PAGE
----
• I thought my initial comment was optimistic, not unrealistic. My head’s not in clouds. I’m just saying it was a really good trade and IF both these guys reach their potential, they could both be solid major league pitchers. I’m not comparing Brault to Glavine or something like that. I think there is some credence to the Locke comparison. They both have similar profiles.

          • I’m not saying they are guaranteed to be good. I’m just saying there are reasons for optimism. Nothing is guaranteed but I like Brault. Of course, I hope there’s no room for him in Pittsburgh.

  3. So, of the two – Tarpley and Brault – who do you think ultimately will be the better and more successful pitcher in the long run?

    • Tarpley is higher risk higher ceiling. Brault lower risk lower ceiling higher floor. Obviously if Tarpley hits his ceiling he could be a solid 2-3 IMHO. If I was a gambling man, I’d say Brault is the safer bet.

  4. I think deception from a lefty is a huge weapon. Look how much Fiers fastball plays up at 89 mph because of the deception. Obviously Fiers is a righty but my point is I’ve seen countless times where he throws an 88-89 mph fastball and the batter is wayyyy behind it.

    • Blanton adjusting to make his fastball more deceptive made it far less hittable, as well. Of course, one wonders how much of an effect the move to the bullpen had, as well, but deception plays stuff up for sure.

    • He amazes me. That is such a rare thing for a righty to do that. Throwing under 91-92 usually a damning thing for a righty. Littlefield’s regime leaned to much towards “pitchability” and I think this fo might shy away from it a little too much. (Especially with righties.) Some guys just can pitch…problem is it takes some of these pitchability guys until almost 30 to toil and figure it out.

  5. If Brault confronts a logjam in the ML rotation, he could get his feet on the ground as a LOOGY. Watson was a failed starter who became a dominant reliever. Brault isn’t a failed starter. He’s a starter in a very deep system. Relieving also would permit him to air it out. Watson added 3-4 mph to his fastball after he moved to the bullpen.

    The pitching depth will add tremendous value going forward. Sampson for Happ is just one instance of this value.

    • I’m glad you mentioned Watson, because he not Locke is a better comp imo. Watson relies on his two seamer and change and his breaker is barely above average, he throws mid 90’s as a reliever, as a starter he was 90-91 with the two seam fb.

  6. Ironic that Brault falls on the day that so much discussion on Jeff Locke has been generated.

    If Brault can carry the strikeouts he found in AA over to Big League competition, you’re looking at similar stuff with the command that Locke lacks, which as we all know is what holds him back from being a quality starter.

    • Brault still needs an out pitch for that to happen. But I do think “Jeff Locke with better command” is an easy comparison for him as far as value. That said, Brault has much better movement on his fastball, so when you get to the specifics, they’re very different pitchers.

        • Locke gets his strikeouts due to the curve. Brault was getting them with his fastball, which is good, but I don’t know how sustainable that is without a strong breaking pitch to fall back on.

          Also, Brault had a 16.5% strikeout rate in A+, and only threw 90 innings in AA. Locke’s Double-A numbers came in 182.2 innings, and reflected what he did in High-A the year before.

        • Agree. See the response below. The reason I think he needs an out pitch is that I’m not banking on the two seamer to be a strikeout pitch in the majors, based on 90 innings in Double-A.

    • Agreed on the Locke comment. When Locke isn’t getting his calls on the corners for strikes he’s usually in real trouble.

    • You know, I thought the same thing, but when I looked up the numbers, their BB% are not as different as I expected them to be coming up through the minors. Locke’s command problems didn’t really show up until he got to the Majors. The differences between their minor league performances have been largely less than a percent.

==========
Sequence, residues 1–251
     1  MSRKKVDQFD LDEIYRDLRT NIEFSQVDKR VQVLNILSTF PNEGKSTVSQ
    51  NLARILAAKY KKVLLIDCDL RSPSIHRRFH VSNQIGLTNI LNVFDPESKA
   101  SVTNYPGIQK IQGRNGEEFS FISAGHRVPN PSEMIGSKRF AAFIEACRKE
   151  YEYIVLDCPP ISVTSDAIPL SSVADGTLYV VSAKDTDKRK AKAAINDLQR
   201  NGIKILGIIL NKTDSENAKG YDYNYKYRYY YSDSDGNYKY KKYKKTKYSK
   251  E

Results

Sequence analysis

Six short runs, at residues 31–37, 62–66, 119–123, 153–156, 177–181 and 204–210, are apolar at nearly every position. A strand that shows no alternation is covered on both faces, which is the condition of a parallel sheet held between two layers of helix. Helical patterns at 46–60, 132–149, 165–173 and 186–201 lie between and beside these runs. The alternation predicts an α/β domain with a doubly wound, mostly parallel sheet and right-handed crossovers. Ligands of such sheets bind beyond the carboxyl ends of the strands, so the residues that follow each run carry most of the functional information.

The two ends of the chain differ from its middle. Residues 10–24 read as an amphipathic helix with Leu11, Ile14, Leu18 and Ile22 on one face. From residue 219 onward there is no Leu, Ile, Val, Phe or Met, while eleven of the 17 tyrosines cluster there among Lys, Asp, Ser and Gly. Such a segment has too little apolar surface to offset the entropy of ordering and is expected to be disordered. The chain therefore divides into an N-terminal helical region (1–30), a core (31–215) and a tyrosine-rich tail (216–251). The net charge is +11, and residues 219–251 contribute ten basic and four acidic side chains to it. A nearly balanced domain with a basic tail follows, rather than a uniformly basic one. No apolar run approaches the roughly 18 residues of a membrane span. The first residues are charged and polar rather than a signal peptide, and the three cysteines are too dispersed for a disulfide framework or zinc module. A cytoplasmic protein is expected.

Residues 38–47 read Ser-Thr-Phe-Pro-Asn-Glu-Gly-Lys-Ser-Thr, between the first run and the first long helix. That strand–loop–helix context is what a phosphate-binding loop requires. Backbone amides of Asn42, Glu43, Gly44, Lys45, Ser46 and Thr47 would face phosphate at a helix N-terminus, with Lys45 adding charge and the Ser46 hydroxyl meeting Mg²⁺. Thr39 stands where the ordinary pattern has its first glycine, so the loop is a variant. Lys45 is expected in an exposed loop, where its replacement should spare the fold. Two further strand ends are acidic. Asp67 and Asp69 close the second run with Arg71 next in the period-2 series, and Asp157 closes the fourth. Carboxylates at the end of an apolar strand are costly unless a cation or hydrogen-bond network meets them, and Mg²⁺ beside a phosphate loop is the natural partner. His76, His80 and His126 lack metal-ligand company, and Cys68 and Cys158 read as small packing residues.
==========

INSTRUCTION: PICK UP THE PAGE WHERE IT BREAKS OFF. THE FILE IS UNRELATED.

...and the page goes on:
Unless Brault’s command *inside* the zone is different from Locke’s in a way which BB% fails to illustrate, we might have to hold the same concern for Brault that hinders Locke’s performance.

      On the other hand, Brault might have better movement than Locke, so even if the Ks and walks are similar, Brault may prove a more effective contact manager.

      • Locke had some horrible command problems right before being traded to the Pirates, which led to him being traded. The Pirates fixed him, but there were still some command issues that didn’t show up in the stat line, and which would have led to problems against upper level hitters (which is what has happened in the majors).

        • I did not know about that part of his history. Coming up through the system, I heard a lot about how good his control was, though, probably from sources who paid attention only to his BB/9 or something. He must have done a great job of masking that issue to make it work in AA and AAA.

          • I believe it was around 2012 when I wrote a lot about the turn he was adding to his delivery (which he’s now removing), which was aimed at getting better command of his pitches. His walk rates weren’t bad leading up to that, but the Pirates felt there was a need to fix his game before he arrived in the majors.

  7. Tim,
    I know you said he was hitting 93 consistently in the AFL. My question is, I’m assuming it would be too much to say he was “sitting” 93 in the AFL? And what was the highest you’ve seen him touch?

    I know this will sound crazy but I’m looking at the #s Matz put up at a similar age in the Eastern League in terms of K-BB% and I know Matz threw a little harder but going into 2014 they had Matz sitting 93-94 and topping out at 96.

    • Hitting means that was the upper end of his velocity. He hit that number a few times. This is what he was doing.

      Sitting means that’s what he was consistently throwing.

      For another example, Tyler Glasnow sits 94-96 MPH, but can hit as high as 100 MPH. That means most of his stuff will be in the 94-96 range, but a few will be higher.

      • Right but I guess I didn’t clearly convey my question.

        Where was he sitting in the AFL vs where he was sitting with Altoona? Or wasn’t there much difference.

        Would it be fair to say he was sitting 91 in the AFL?

  8. So pumped up for this kid. If he can pick up a few ticks of velocity watch out because I think that ceiling would improve considerably.

  9. I foresee a future in the Majors for Brault which involves many commentators referring to him as “crafty.”